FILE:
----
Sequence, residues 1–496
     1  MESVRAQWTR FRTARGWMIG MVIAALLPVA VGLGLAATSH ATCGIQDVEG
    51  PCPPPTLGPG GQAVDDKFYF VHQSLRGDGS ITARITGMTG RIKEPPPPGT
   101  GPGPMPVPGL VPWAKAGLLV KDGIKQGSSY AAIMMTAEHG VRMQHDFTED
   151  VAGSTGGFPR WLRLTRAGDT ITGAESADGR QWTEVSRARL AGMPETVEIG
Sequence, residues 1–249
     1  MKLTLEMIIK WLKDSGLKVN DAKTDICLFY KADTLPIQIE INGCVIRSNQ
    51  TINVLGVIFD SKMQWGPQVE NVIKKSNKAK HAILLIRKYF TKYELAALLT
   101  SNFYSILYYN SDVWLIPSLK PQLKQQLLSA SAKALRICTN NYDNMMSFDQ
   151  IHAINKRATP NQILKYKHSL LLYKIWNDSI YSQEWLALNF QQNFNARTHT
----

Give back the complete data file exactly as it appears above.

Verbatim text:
Sequence, residues 1–496
     1  MESVRAQWTR FRTARGWMIG MVIAALLPVA VGLGLAATSH ATCGIQDVEG
    51  PCPPPTLGPG GQAVDDKFYF VHQSLRGDGS ITARITGMTG RIKEPPPPGT
   101  GPGPMPVPGL VPWAKAGLLV KDGIKQGSSY AAIMMTAEHG VRMQHDFTED
   151  VAGSTGGFPR WLRLTRAGDT ITGAESADGR QWTEVSRARL AGMPETVEIG
Sequence, residues 1–249
     1  MKLTLEMIIK WLKDSGLKVN DAKTDICLFY KADTLPIQIE INGCVIRSNQ
    51  TINVLGVIFD SKMQWGPQVE NVIKKSNKAK HAILLIRKYF TKYELAALLT
   101  SNFYSILYYN SDVWLIPSLK PQLKQQLLSA SAKALRICTN NYDNMMSFDQ
   151  IHAINKRATP NQILKYKHSL LLYKIWNDSI YSQEWLALNF QQNFNARTHT